The Telos TR2 bikepacking tent has shorter 30cm long DAC poles, which open to form the same continuous pole configuration as the back-packing version with a tension ridge upswept crossbar that gives good internal volume and height. The inner first pitching is quick and easy, aided by colour matching pole location. Easy to use pole tips connect into the metal foot and adjustable stake out loops makes it easy to find the perfect place to anchor the tent in an awkward location. The inner tent clips to the frame, remembering to have the cross bar in an upturned position which stays in that position using the central H clip. Elastic loops hook onto each end of the tension ridge crossbar and the main body of the inner tent is then clicked in place with plastic clips. The fly sheet is also colour matched on the corners for easy orientation. The tension pole is seated at both ends to the fly sheet, the second side creating tension. The fly sheet can then be extended over the poles, secured with Velcro tabs to prevent movement and add support to the guy points. Then the corners can be secured using the metal claws, that hook around the metal foot and adjusted for tension. The vestibules are then extended and tensioned. 4 reflective guy lines are added using the simple boomerang hook and loops, there are 2 long ones for the head end and 2 shorter ones for the foot end. I like the range of tension adjustability on this tent, as it allows tension to be adjusted evenly throughout a wide range of positions.

Internal space of the main tent is good and although there are some small storage pockets, the loft store is a good addition (sold separately). The pole bag doubles up as an internal lamp. It attached to the roof of the inner tent underneath the cross bar using 2 press-studs located inside both ends of the bag. The reflective band on the bag then defuses the light from a head torch or phone light and is very effective. The vestibules are a good size to keep dirty objects outside, but a few daisy loops for hanging gear would be a good addition.

Repacking takes a bit a practice. I have found it best to put the pegs with the inner tent and the poles with the outer. Take a bit of time to condense the poles to as tight a bundle as possible before inserting them into the pole bag, then wrap them in the outer tent before putting them in one of the fork bags. If the bundle is too big, it will be difficult to insert and secure the roll top closure. After a couple of trips this has become second nature and packing up is a pretty swift process.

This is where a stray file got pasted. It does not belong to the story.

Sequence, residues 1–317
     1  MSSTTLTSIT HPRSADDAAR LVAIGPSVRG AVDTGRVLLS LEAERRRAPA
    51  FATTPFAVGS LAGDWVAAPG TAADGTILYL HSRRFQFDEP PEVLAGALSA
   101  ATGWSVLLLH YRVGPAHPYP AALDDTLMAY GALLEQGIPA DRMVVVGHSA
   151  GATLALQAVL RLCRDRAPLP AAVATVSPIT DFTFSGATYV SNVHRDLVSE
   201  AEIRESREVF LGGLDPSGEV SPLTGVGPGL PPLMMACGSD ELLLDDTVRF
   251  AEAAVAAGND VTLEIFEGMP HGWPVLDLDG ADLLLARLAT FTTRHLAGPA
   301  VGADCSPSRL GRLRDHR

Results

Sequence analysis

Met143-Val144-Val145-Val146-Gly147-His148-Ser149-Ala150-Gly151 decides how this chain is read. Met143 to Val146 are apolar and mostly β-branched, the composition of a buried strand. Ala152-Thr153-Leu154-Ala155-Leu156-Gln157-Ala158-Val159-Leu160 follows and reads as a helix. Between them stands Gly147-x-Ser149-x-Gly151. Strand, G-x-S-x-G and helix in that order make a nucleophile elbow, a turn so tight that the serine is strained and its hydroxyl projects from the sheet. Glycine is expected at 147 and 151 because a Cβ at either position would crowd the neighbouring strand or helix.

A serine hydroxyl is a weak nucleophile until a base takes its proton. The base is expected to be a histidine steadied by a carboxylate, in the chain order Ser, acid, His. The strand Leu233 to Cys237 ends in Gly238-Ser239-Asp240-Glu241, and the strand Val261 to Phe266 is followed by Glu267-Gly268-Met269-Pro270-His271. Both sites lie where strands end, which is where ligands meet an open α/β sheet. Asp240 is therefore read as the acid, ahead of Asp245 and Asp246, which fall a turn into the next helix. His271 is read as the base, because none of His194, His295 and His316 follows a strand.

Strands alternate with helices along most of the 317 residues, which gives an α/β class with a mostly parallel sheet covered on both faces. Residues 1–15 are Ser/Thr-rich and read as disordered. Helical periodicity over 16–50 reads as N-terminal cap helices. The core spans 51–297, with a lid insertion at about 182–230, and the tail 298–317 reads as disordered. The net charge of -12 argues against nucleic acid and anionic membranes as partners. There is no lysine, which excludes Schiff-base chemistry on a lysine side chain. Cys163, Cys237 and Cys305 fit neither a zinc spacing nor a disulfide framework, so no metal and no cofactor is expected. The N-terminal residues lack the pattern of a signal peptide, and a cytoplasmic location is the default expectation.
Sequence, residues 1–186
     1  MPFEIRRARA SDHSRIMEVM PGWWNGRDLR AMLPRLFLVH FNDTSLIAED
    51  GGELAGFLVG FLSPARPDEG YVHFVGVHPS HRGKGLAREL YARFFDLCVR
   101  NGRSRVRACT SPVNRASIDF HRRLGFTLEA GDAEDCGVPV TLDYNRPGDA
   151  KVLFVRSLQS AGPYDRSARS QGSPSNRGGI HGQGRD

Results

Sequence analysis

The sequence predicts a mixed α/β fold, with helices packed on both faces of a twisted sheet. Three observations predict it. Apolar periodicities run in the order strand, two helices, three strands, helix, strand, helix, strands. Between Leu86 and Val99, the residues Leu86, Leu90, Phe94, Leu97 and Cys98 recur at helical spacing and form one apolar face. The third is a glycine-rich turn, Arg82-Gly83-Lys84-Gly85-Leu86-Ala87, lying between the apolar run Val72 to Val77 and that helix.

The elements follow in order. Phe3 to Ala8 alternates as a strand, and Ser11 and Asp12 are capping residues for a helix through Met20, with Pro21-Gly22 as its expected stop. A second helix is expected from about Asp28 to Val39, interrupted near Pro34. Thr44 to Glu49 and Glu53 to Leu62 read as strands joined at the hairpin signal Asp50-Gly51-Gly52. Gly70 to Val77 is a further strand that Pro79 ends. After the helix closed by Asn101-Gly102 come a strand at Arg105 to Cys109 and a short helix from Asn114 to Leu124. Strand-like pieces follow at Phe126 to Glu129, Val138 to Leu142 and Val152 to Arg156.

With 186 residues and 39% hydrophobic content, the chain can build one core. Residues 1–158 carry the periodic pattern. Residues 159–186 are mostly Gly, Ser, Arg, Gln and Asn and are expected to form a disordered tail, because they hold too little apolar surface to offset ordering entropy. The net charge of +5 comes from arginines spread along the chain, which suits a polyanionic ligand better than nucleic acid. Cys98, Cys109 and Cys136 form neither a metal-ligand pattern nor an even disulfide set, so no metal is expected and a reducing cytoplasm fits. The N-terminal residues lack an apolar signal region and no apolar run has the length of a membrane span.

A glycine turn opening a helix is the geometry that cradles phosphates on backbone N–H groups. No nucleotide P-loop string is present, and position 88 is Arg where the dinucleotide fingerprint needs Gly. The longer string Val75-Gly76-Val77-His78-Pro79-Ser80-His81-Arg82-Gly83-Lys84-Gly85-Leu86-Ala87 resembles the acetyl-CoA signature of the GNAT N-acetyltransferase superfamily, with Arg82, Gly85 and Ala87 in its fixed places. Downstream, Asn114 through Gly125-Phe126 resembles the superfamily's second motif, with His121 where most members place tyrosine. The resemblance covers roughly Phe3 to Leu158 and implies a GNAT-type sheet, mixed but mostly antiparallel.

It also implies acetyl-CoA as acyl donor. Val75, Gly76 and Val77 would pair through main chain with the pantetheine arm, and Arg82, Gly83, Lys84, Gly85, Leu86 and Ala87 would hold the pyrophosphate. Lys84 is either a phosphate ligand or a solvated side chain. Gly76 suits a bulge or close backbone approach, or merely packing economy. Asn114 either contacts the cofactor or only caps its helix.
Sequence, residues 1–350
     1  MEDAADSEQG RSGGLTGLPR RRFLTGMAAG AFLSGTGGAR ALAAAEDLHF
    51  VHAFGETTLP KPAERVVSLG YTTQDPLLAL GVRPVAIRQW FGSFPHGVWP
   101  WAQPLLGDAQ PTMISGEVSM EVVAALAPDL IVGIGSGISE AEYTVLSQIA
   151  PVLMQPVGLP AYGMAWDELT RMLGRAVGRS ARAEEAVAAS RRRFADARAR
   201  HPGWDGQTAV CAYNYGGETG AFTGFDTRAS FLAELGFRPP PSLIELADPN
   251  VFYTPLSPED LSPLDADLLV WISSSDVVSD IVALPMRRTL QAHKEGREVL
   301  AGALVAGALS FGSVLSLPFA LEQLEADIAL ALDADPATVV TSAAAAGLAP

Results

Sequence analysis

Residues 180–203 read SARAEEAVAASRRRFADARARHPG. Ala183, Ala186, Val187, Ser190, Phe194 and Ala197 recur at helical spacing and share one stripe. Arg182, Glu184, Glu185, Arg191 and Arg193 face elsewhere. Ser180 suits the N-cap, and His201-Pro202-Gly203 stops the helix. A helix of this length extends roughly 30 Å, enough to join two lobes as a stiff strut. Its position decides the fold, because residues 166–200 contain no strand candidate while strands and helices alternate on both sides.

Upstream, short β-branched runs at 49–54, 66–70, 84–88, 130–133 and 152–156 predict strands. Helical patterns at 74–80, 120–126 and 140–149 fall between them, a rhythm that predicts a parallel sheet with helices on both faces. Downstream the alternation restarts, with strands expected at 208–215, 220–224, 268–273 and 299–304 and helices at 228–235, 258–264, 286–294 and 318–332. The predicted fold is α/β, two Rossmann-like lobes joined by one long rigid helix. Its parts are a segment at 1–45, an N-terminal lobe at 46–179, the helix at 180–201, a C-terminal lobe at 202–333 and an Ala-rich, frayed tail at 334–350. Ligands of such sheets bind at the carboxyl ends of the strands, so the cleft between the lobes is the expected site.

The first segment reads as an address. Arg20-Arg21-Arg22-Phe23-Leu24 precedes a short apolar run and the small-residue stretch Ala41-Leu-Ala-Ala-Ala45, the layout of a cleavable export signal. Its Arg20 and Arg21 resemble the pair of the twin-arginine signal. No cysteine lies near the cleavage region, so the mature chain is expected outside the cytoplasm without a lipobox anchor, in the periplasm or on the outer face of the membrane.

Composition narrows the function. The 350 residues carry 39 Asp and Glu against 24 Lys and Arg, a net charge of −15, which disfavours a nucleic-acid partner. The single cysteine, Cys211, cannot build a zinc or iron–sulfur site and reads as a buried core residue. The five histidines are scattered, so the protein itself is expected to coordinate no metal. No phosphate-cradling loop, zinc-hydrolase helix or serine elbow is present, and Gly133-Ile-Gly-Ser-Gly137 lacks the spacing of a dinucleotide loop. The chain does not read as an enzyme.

This is a good 3 season tent for UK conditions with a mixed fabric and mesh inner. 2500mm HH, 20 Denier floor, and 1200mm HH, 15D fly. It has fully taped seams, so is ready to go. The design has good ventilation to reduce condensation build up, with low level ventilation under the fly and a roof ‘apex’ vent. A footprint is a good addition (sold separately) but I doubt this will fit within the 2 storage bags. This would keep the base of the inner clean and protect it from ground abrasion and impurities that could potentially reduce the life span of the tent – well worth finding a small drybag to store a mucky groundsheet and stash elsewhere on the bike.

This is a very good, well-designed tent. Sea to Summit have worked closely with designer/architect Jake Lah, owner and driving force behind DAC to produce a strong structure. The  Telos TR2 bikepacking tent ticks boxes not only for design, but also function and aesthetics. The 2 storage bags will revolutionise the transportability of a tent on suspension bike forks. It is versatile and these bags can be attached in multiple places on a bike. The ‘Fair Share’ way of splitting the load between 2 people is achievable with this compartmentalised split. The robust bags are stealth in colour with subtle logos. The tent blends into its environment with a combination of a soft sage-green outer with grey logos and a grey inner which transitions from dark grey at the floor to light grey above. Sea to Summit remind us that they have strong Australian roots with their use of a boomerang to attach the guy ropes or tie back the doors, this puts a smile on my face each time I use it… I don’t mind a gimmick if it works, and these boomerangs work just fine!

I have continued to use this tent on several multiday trips, and it never disappoints. It too is not a gimmick. It laughs in the face of my initial scepticism which is precisely what I hoped for. 

Lois Fife

Lois is a keen cyclist and is always plotting a route… either for her next trip or looking for a different way to commute to work! She is regularly seen heading for the hills on a packed-up bike, be it for a quick overnight wild camp, or a longer multi-day adventure. She is currently plotting her route to walk the TGO across Scotland. She is a British Cycling level 2 leader and has been involved with MTB Guisborough encouraging the next generation of mountain bikers. Lois joined Ultralight Outdoor Gear in 2021 and is part of the Customer Service Team. She is always keen to get her hands on new kit to try in the field and share her findings on the website.